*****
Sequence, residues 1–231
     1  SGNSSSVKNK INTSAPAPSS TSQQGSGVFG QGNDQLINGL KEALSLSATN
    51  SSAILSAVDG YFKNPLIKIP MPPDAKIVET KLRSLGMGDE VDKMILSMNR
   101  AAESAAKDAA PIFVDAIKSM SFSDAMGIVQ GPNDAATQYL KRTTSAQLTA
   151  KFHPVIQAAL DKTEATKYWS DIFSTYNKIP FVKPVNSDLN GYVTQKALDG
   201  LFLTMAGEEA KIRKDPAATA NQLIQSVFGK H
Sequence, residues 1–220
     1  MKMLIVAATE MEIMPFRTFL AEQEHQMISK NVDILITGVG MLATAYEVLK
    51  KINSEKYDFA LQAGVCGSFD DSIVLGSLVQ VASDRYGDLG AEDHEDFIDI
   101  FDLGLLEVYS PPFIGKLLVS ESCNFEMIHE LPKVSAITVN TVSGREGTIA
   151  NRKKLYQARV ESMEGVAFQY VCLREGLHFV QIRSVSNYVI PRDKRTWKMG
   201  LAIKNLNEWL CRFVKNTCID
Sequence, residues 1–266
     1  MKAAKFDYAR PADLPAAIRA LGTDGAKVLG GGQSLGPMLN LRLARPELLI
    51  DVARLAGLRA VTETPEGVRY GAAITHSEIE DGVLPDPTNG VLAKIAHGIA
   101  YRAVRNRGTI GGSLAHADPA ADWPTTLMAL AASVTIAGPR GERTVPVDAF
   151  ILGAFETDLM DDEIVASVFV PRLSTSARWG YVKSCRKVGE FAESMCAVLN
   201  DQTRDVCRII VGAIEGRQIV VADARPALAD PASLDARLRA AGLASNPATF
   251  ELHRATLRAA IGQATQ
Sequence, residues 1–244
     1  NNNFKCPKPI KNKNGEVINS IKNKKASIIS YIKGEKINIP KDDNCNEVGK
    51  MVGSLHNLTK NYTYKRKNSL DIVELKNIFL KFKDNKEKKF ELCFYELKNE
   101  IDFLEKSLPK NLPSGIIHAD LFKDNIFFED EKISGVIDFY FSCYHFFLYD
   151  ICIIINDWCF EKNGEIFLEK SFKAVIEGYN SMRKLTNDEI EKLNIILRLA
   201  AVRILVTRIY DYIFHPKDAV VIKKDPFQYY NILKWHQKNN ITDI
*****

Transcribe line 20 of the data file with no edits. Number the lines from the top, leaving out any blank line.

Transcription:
Sequence, residues 1–244